Michael Pooley and John Lomax's Real Cider Making on a Small Scale came with my apple crusher and cider press. I have read the book, but have not yet tried the all techniques described. I have followed the directions for extracting apple juice, but I'm still collecting enough to make a batch of cider. Perhaps in the future I will write another review "Real Cider Making - One Year On" and will be able to tell you whether it really does do exactly what it says on the tin.
At a glance I can see that it's my kind of book. It's not one of your coffee-table books with glossy full-page photos and barely any text. It's black and white only, with hand-drawn diagrams showing you what to do, and grainy photos of people with beards and hand-knitted jumpers making cider out-of-doors. The text is detailed, with practical instructions of what to do and explanations of why. The science is also explained, from choosing the right mixture of apples to the biochemical process of what yeasts are and what they do, and what other bugs can do if they get into your brew, and so on.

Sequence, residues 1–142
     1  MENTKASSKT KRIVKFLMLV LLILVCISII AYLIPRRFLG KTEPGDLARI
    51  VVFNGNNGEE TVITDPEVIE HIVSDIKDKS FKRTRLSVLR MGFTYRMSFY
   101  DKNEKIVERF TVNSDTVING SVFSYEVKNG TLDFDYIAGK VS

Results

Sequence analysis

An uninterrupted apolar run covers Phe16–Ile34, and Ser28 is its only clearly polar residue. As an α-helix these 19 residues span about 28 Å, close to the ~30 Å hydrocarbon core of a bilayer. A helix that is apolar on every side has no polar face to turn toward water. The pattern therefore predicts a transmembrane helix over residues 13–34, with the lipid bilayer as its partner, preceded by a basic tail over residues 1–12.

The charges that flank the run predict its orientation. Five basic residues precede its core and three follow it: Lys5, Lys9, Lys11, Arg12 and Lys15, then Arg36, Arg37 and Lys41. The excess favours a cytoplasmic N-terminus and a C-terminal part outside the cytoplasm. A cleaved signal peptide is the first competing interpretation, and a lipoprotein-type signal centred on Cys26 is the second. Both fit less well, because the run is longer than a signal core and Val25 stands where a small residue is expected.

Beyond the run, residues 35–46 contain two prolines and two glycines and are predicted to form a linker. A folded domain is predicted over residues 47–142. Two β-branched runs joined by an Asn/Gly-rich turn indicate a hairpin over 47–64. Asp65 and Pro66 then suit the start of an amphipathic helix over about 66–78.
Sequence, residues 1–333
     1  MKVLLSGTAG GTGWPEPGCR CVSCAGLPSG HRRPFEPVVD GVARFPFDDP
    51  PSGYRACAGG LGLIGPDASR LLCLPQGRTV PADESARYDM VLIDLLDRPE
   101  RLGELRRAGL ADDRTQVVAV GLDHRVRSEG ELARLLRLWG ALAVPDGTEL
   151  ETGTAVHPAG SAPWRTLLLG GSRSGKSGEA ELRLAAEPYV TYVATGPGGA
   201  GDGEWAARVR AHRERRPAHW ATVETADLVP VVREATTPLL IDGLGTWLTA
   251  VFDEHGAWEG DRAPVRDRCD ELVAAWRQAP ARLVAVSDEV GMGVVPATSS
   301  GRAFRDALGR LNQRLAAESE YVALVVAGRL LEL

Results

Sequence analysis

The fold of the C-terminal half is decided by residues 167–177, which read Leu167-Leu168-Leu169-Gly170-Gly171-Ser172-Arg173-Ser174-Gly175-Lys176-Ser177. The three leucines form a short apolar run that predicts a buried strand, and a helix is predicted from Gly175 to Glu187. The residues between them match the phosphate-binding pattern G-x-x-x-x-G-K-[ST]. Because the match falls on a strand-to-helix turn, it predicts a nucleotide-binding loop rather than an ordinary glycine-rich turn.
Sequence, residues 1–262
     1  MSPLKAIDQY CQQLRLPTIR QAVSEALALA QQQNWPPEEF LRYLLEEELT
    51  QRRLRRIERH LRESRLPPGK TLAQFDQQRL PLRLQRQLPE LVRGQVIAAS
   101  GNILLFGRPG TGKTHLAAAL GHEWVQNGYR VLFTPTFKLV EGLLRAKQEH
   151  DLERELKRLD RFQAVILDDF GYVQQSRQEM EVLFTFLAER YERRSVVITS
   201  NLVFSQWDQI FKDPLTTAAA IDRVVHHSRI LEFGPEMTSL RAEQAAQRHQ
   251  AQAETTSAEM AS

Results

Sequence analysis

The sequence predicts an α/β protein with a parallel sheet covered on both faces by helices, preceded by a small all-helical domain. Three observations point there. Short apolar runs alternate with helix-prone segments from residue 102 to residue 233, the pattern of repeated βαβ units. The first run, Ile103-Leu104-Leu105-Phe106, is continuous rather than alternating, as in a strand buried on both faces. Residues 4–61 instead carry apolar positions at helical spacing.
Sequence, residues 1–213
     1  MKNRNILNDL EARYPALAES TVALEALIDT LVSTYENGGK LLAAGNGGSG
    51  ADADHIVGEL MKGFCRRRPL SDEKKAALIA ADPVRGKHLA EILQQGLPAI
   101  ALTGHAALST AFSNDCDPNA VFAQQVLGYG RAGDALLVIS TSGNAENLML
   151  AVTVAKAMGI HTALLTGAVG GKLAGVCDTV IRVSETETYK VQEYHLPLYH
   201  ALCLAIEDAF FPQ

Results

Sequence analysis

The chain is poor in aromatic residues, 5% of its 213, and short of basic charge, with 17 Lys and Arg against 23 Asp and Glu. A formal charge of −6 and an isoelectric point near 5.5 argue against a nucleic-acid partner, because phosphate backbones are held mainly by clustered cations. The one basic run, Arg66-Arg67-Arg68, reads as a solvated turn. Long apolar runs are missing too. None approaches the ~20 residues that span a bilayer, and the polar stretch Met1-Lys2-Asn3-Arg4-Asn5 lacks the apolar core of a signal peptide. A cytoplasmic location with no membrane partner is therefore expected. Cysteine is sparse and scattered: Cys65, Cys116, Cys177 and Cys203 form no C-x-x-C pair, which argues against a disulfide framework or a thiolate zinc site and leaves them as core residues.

The book includes a plan for building your own cider press. Alternatively you can buy one, for example from Vigo, or if you join your local homebrewing association you may be able to borrow one, or perhaps join in a communal cider-making day. There are also details on making and storing apple juice, making cider vinegar, and making perry (which is the same as cider but made with pears instead of apples).
It's a good book, and as soon as I had finished it I felt eager to start gathering apples and making cider myself. If you want to follow my experiments, watch this space.